Louisiana’s oil and gas industry still ailing due to the pandemic
NEW ORLEANS, La. (WVUE) - As Louisiana prepares to reopen its economy on Friday the state’s oil and gas industry welcomes that move. But the Louisiana Oil and Gas Association says more economic progress will be needed outside of the state to help the industry recover.
Gifford Briggs is President of LOGA.
"Anything that gets people moving and driving again and consuming energy and consuming oil and consuming gasoline is a good thing for our industry. We know we need to do it safely. It has to go beyond Louisiana, we need our country, we need the nation, we need, you know globally, we need economies to be moving again,” Briggs said.
Due to the coronavirus pandemic global demand for oil is down.
"The challenges the industry is facing are significant,” continued Briggs.
State government’s budget counts on oil prices being at a certain level but given what is currently happening, the Revenue Estimating Conference this week set the price of a barrel of oil at just over $30 for the new fiscal year.
Greg Albrecht is the legislature’s chief economist.
"Realize the $32.17 oil price for next fiscal year is a change from $60, that's what was in the April 2019 forecast,” said Albrecht.
Briggs said low oil prices have consequences.
"We need a breakeven price of $37 dollars, so if we're at $30 dollars for the next two years that's basically saying the majority of companies if they are producing are going to be losing money and obviously companies are going to have to take steps to try to adjust their expenses if that's the case,” he said.
Higher oil prices give companies confidence to make costly investments said Briggs.
"We started the year off at $60, so we're more than 50 percent off of where we were at the beginning of the year and you know we need strong futures, we need confidence in the market to be able to invest,” Briggs stated.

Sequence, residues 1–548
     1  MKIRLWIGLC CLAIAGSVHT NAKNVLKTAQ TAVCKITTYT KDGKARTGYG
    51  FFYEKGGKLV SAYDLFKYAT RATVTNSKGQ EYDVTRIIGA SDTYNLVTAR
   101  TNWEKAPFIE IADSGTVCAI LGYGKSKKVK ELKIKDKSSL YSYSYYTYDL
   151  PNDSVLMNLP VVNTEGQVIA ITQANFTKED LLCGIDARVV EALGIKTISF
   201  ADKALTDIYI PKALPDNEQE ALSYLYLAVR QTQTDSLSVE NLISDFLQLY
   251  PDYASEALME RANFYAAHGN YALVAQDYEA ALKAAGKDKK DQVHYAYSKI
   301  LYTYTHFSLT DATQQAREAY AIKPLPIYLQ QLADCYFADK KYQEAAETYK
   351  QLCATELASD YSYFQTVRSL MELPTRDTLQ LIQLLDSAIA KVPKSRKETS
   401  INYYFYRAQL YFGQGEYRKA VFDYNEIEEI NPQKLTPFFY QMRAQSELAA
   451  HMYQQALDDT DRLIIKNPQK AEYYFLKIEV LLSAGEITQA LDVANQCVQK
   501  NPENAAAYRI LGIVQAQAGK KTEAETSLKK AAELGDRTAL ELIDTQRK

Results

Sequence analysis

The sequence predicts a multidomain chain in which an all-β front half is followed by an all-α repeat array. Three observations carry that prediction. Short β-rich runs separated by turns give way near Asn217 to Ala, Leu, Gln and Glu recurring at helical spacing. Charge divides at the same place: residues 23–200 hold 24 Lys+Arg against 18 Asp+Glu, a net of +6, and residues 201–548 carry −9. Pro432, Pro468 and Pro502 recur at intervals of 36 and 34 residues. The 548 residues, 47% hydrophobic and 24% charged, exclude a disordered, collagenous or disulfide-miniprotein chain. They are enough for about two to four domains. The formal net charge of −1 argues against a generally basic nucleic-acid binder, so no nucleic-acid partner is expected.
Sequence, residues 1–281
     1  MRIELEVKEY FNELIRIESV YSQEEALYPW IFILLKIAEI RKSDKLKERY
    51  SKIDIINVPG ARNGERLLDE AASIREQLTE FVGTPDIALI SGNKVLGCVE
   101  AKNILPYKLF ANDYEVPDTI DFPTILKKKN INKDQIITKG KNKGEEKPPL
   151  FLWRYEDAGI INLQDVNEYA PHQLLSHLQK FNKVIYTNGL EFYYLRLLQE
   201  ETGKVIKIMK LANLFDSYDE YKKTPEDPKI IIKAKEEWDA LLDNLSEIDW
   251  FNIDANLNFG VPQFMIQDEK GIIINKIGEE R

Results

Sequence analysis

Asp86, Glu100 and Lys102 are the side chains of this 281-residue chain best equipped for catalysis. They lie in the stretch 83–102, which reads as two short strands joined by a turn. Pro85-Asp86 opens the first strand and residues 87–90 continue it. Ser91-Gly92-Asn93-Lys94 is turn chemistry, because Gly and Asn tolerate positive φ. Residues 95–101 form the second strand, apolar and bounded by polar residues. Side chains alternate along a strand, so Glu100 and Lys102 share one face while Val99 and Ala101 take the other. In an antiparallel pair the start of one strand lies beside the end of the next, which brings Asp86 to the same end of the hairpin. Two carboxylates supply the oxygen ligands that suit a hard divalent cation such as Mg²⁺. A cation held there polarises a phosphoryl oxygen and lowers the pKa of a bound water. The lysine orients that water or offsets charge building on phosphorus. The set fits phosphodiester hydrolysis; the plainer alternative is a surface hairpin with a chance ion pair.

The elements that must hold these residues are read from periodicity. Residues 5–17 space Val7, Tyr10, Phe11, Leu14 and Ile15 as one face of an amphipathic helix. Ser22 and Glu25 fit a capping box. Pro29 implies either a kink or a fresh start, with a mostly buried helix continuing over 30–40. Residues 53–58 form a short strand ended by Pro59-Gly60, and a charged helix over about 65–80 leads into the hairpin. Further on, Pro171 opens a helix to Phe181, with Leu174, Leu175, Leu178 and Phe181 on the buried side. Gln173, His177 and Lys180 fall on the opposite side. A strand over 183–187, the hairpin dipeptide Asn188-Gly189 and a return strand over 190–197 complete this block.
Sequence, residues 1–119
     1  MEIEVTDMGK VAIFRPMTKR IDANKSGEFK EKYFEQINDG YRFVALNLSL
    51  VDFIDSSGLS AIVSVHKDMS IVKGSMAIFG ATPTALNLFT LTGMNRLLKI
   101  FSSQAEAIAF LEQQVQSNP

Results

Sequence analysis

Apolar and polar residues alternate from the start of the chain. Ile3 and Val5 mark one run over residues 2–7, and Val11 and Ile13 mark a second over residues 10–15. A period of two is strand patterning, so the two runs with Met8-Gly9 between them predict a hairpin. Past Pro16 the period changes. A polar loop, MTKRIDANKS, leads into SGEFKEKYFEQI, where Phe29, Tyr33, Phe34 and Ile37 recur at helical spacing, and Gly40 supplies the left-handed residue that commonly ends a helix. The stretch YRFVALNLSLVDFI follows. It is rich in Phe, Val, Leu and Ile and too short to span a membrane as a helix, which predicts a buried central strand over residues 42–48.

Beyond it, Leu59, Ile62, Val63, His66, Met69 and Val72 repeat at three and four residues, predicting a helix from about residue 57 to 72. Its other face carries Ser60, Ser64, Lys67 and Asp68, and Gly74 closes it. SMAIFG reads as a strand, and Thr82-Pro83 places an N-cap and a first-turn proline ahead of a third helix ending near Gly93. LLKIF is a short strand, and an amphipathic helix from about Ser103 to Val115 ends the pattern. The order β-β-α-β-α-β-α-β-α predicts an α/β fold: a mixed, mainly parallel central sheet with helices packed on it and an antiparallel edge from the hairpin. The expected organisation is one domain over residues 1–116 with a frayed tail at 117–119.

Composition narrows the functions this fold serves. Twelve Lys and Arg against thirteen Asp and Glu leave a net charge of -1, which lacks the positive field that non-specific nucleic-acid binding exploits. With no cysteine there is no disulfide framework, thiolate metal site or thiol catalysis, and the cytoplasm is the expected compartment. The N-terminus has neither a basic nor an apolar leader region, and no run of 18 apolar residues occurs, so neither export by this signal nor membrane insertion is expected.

Still, Albrecht noted that recent jobless claims show some other industries are faring worse than the oil and gas sector in the state.
"So far mining, which is oil and gas extraction for us not as bad as you would think yet, that may rocket up as time goes by,” said Albrecht.
Briggs said part of the reason could be the federal Paycheck Protection Program that went into effect to help companies retain their workers during the pandemic.
"Yeah, I think that's partly because the numbers are delayed and because companies are taking advantage of the PPP program,” he said.
Briggs said some workers were affected before the PPP was implemented.
"Well, in looking at some of Greg's [Albrecht] numbers they indicated about 4,000 to 5,000 people in the mining industry which represents a little over 10 percent of the industry. Our surveys and talking to our members said that number is closer to 23 percent and that could be because they chose not to file for unemployment,” he said.
Briggs said if the PPP is extended for a longer period of time, he expects impacted companies to seize the opportunity to retain workers.
"We know how important their experience is, how important their expertise is and so we're going to do everything possible to maintain our workforce as long as possible. If PPP gets extended, I would expect that many in our industry are going to take advantage of it again,” said Briggs.
Saudi Arabia says it will slash its oil output.
“Well, we saw a little bit of uptick in prices today,” said Briggs. “We’re going to need 30 million barrels of oil, you know, to either be cut from the market or we’re going to have to see growing demand and ideally we see both coming at the same time."
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